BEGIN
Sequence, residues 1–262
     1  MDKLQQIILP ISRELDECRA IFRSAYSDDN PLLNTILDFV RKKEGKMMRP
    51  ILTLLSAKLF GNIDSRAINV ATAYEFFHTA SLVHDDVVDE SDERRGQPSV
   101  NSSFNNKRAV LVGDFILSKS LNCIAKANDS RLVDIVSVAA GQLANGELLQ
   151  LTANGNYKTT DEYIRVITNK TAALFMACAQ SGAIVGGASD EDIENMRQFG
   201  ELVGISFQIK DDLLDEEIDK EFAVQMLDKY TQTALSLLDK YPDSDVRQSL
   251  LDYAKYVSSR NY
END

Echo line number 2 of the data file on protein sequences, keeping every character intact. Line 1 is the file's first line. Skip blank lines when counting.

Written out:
     1  MDKLQQIILP ISRELDECRA IFRSAYSDDN PLLNTILDFV RKKEGKMMRP